Festivals of Nepal

"Nepal is a country with more temples than houses, more god and goddess than people and more festivals than days in a Year" as said by Sir Kirk Patrick. He was the first recorded westerner to visit Nepal. Nepal has more than 125 different ethnic groups mainly or Indian and Tibetan origin. All theses ethnic groups have a distinct lifestyle and a different tradition resulting in colorful vibrant festivals celebrated in pretext of socio-cultural heritages. The rich heritages of Hinduism and Buddhism have resulted in the numerous festivals and occasions to celebrate. The festivals in Nepal are one of the major reasons behind the strong unity and the tolerance among the people here.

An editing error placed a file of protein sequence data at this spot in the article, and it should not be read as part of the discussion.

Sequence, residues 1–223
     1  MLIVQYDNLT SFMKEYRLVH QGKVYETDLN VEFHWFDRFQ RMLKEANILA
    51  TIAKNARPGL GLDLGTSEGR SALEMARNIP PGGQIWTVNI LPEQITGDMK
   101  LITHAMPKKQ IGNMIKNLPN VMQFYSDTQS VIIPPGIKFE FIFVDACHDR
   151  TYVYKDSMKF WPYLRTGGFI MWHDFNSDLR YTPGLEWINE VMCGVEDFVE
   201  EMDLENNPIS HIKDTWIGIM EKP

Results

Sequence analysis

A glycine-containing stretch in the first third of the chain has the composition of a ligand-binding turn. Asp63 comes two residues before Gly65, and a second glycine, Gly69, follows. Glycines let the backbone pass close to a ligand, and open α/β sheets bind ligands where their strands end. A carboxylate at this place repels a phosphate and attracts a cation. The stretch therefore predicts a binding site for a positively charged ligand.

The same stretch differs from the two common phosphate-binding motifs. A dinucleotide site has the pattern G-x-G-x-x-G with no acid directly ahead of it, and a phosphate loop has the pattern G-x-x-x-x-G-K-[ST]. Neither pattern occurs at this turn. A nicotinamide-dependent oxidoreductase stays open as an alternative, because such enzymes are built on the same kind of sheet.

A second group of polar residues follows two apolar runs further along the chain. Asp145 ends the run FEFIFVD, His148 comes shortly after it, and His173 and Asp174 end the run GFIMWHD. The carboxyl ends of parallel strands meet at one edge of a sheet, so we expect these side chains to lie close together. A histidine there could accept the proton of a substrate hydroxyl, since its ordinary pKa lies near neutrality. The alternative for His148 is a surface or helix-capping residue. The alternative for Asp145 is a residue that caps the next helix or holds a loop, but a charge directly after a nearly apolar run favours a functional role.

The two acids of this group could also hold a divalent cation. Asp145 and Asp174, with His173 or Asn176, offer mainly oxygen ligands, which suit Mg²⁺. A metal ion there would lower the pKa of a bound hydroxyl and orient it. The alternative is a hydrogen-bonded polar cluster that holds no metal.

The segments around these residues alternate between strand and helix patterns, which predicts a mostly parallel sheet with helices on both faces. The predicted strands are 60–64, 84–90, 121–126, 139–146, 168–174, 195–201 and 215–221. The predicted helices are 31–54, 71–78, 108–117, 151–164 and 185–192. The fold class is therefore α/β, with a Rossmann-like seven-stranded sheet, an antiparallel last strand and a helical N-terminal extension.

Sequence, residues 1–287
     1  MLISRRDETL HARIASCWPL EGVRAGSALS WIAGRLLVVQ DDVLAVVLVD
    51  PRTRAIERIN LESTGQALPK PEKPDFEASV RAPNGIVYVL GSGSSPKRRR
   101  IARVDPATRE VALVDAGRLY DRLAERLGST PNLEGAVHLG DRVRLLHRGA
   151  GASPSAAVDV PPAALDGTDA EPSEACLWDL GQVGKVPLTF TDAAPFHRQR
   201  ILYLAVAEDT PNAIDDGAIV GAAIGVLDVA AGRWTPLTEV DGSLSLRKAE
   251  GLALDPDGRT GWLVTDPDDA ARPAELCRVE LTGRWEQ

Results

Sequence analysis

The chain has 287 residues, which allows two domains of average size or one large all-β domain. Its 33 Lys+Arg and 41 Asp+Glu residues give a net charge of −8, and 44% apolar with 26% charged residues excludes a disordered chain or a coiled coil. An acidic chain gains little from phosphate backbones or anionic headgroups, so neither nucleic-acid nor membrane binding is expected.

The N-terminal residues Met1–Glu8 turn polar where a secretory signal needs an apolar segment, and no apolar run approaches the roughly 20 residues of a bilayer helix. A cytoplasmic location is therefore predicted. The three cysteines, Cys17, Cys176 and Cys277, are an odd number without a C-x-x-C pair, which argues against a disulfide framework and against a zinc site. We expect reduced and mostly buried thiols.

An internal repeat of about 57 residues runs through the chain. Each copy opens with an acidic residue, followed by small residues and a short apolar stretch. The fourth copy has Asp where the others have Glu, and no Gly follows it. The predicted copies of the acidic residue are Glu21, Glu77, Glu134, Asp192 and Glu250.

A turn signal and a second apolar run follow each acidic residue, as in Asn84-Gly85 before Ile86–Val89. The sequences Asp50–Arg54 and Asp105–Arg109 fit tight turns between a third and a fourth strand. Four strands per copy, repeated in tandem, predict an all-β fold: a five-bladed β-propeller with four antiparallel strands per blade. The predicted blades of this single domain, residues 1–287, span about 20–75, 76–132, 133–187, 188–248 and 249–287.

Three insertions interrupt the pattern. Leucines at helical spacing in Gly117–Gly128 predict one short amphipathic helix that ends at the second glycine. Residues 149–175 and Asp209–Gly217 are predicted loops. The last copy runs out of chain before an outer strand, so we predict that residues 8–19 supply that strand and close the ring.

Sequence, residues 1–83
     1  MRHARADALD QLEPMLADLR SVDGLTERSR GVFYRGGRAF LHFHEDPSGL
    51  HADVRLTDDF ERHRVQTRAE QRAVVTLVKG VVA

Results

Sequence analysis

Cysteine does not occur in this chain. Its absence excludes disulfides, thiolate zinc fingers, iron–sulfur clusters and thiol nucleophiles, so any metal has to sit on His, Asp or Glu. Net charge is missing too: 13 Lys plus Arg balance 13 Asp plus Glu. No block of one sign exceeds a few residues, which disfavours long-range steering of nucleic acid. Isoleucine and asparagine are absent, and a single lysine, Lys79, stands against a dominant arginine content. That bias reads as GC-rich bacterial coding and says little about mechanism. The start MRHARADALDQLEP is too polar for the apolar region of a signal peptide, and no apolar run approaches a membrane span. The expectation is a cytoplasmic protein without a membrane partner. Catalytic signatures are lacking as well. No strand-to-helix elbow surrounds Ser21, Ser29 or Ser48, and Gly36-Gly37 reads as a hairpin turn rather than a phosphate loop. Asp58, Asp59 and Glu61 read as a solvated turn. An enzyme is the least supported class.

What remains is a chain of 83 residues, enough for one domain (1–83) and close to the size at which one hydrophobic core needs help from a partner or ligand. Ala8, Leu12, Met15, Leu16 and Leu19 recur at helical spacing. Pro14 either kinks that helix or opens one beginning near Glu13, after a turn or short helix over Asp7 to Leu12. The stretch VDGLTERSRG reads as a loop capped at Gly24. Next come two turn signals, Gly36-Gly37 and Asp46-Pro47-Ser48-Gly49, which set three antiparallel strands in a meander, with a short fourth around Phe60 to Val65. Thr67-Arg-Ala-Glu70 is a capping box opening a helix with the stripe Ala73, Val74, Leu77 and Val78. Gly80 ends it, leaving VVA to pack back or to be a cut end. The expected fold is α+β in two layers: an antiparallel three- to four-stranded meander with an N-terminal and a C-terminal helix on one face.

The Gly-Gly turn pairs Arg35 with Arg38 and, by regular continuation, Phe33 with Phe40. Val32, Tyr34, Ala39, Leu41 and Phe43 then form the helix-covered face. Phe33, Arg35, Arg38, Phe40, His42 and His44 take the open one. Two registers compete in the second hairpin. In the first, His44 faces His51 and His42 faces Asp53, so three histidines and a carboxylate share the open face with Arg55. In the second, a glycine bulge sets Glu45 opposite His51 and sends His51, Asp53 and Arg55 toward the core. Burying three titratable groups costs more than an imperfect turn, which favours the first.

Though the Nepalese have diverse beliefs and ethnic backgrounds, all unite in the celebration of the year's major festivals. Some festivals are celebrated throughout the nation whereas some festivals such as Bisket Jatra, Rato Machchhendranath and Mani Rimdu are celebrated by particular ethnic communities but still observed and participated by the whole country. Let's have a look at some of the major festivals of Nepal. You can plan your holidays based on the festival schedule to make your trip in Nepal a much exciting one. The celebration and festivals are based on lunar calendar so the dates change every year for the festivals.

14th Jan – Maghe Sankranti
It is a celebration of the harvest festival. People take dips in rivers and worship the Sun God especially in the holy river. The dip is said to purify the self and bestow "punya". Special Puja is offered as a thanksgiving for good harvest. According to folklore, girls who take the holy dip get handsome husbands and boys get beautiful brides.

10th Mar– Maha Shiva Ratri